It is understood that the existing cash in circulation is easy to be forged anonymously, and electronic payment instruments such as bank cards and Internet payments cannot fully satisfy the public's demand for anonymous payment. Therefore, the design of the central bank's digital currency is mainly aimed at the substitution of cash in circulation, which not only maintains the attributes and main features of cash, but also meets the demand for portability and anonymity.
Wang Xin, director of the Central Bank Research Bureau and the Monetary and Financial Bureau, said that the central bank's digital currency is mainly a substitute for cash in China, which will help optimize the central bank's monetary payment function and improve the central bank's monetary status and monetary policy effectiveness.
From this point of view, the introduction of digital currency by the central bank is neither a popular e-wallet or online payment, nor a completely “reinvented” replacement of the existing RMB system, but a new and encrypted electronic currency with a certain alternative to circulating cash. system.
Shao Fujun, chairman of China UnionPay Co., Ltd., said that the statutory digital currency of the central bank will have a great positive impact, which will improve the efficiency of currency operation monitoring and enrich monetary policy measures.
It is reported that the central bank's digital currency is mainly used for small-scale retail high-frequency business scenarios. Zhou Xiaochuan, the former president of the central bank, pointed out that studying digital currency is essentially the pursuit of convenience, speed and low cost of the retail payment system.
R&D is in the "horse race" state
In recent years, commercial virtual currency has been controversial, and people are increasingly recognizing that the future development trend of digital currency is based on national credit and legal digital currency issued by central banks.
It is understood that there is currently no central bank in the world to officially launch legal digital currency. Multinational central banks, including the Bank of England, the Bank of Canada and the Swedish central bank, are working on the development of legal digital currencies. The International Monetary Fund said it plans to launch a global digital currency, the International Monetary Fund (IMF), under the SDR mechanism.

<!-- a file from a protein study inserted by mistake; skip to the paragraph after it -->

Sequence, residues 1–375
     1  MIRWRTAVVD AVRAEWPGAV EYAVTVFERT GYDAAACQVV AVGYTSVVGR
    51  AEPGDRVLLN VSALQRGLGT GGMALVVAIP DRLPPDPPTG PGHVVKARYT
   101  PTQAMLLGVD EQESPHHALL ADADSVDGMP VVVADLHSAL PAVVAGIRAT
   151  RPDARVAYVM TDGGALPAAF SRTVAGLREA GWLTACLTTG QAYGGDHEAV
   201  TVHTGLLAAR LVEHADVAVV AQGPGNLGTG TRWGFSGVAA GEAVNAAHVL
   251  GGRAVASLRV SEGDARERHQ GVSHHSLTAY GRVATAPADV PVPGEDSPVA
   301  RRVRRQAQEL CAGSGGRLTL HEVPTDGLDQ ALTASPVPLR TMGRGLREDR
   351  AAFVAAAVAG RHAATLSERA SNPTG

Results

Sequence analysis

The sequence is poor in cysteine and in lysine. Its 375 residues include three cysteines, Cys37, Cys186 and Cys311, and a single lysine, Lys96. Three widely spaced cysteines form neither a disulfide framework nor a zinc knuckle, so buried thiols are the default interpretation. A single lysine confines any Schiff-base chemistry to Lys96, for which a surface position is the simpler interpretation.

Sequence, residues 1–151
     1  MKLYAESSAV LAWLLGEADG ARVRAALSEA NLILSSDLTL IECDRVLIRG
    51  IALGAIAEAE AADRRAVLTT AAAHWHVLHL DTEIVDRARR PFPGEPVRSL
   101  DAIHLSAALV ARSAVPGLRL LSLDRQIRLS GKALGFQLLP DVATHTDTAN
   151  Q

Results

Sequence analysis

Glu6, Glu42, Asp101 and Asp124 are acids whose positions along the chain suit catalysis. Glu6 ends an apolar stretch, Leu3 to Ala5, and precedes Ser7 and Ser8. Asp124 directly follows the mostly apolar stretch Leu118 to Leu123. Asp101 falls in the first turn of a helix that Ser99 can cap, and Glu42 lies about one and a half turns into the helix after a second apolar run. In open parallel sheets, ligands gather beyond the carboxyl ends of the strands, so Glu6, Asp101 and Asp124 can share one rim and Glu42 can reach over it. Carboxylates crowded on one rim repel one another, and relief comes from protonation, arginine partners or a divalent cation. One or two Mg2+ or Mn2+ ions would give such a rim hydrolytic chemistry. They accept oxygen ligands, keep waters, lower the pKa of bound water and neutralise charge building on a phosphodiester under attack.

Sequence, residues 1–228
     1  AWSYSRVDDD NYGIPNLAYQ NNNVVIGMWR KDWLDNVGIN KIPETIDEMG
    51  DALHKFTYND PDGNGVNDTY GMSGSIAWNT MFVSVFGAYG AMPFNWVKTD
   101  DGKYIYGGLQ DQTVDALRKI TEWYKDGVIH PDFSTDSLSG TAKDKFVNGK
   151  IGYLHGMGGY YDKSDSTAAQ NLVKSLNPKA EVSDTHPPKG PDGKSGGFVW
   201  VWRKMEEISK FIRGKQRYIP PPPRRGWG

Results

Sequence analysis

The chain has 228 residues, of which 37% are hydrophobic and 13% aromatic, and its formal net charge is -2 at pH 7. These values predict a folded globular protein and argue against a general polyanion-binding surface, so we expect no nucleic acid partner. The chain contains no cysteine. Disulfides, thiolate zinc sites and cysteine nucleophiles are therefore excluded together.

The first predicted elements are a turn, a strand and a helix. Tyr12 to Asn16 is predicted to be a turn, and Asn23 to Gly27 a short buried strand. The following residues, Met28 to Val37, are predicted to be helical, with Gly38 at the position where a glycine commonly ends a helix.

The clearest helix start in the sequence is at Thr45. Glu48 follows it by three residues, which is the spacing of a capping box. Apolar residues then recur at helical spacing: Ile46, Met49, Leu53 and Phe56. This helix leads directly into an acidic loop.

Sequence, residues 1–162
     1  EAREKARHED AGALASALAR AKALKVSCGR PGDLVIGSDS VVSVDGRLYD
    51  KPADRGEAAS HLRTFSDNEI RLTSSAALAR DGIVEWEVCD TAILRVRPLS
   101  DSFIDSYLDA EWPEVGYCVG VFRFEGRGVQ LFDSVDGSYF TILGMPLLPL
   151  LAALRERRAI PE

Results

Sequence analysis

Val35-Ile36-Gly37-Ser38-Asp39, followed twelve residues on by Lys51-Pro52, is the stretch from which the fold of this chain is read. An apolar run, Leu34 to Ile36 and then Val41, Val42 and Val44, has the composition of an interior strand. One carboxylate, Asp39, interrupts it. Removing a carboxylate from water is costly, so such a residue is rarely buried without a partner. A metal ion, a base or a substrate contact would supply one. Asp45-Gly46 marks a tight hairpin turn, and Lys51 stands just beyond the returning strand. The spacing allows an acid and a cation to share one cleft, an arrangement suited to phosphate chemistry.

At present, China is still in the stage of accelerating research and development in terms of digital currency. For example, the central bank held a video conference for the second half of 2019 on August 2, demanding “accelerating the pace of research and development of legal digital currency in China”. The recently issued "Opinions of the CPC Central Committee and the State Council on Supporting Shenzhen's Pioneering Demonstration Zone with Chinese Characteristics" clearly stated that it "supports innovative applications such as digital currency research and mobile payment in Shenzhen."
It is understood that in the future, the central bank will not issue digital currency directly to the public. Instead, it will adopt a two-tier operating system, that is, the central bank will first convert the digital currency to a bank or other operating agency, and then convert it to the public. The central bank's statutory digital currency will be piloted in some scenarios in the early stage, and will be further promoted after more mature. For the sake of sound consideration, the pilot exit mechanism will be designed.
Mu Changchun revealed that the development of the central bank's digital currency is currently in the state of “horse racing”, and several designated operating agencies have adopted different technical routes for research and development. “It’s not necessarily a blockchain. Any technology can do it. Whether it’s a blockchain or a centralized account system, electronic payments or so-called mobile money, you can take any technical route and the central bank can adapt.”
Source: People's Daily Overseas Edition (08 August 2019, 08th Edition)
Author: Luze Hua